The point I was trying to make was that either path can be bad and good. If you grew up in the HS culture it might be easier to understand. I expected more from us and I feel like some of us didn't reach our potential. Not because we couldn't but because the people that were supposed to help us get there didn't really do what they started out to do. Or maybe they thought they did enough. As an HS kid your self esteem takes a dive when you figure out you're pretty far behind in science and Math. Feeling stupid sucks. I do get annoyed when my mother tries to take credit for how I have turned out. A great career in IT and I make enough to support my kids and husband. I wish she could have understood the frustration and embarrassment I felt and how hard I had to work to get here. I got here inspite of my mom.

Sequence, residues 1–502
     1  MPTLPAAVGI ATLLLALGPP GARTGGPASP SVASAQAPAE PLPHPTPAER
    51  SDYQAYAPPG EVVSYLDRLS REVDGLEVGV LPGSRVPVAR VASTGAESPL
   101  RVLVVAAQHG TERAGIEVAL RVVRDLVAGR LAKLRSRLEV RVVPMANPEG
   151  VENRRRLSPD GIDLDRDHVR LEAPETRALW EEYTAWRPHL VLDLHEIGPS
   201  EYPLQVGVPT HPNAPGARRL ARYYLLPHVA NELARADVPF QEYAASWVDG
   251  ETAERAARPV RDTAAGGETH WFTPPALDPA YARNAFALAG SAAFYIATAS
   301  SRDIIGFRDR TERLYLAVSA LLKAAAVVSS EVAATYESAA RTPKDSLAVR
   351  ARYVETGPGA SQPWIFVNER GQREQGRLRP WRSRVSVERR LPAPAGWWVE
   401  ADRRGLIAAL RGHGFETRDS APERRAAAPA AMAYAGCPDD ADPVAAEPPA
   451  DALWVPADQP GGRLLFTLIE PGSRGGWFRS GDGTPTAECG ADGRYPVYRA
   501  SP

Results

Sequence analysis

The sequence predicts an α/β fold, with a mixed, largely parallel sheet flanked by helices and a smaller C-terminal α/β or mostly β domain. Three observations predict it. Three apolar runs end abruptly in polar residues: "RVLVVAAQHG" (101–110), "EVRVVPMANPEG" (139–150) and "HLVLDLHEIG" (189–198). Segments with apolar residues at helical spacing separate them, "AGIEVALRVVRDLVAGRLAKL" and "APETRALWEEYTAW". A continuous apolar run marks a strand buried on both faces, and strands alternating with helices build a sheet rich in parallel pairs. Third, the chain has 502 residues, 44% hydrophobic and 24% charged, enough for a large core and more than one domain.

If you're truly committed as a parent then there should be no worries. Not all parents are committed. That's the problem.
I get emails from my adult cousin who went to school and can barely write.
At the end of the day I think engaged parents in a resource rich environment increase a child's likelihood of success - no matter the childhood education path taken.
Schools vary. Some are good, and some are horrible. Some kids and families are a better fit for school or homeschooling than other. At the end of the day, I felt homeschool was the best choice for my children in the younger grades for a variety of reason (and some of them ideological) so that is what we did. I don't think either choice is automatically awful, though.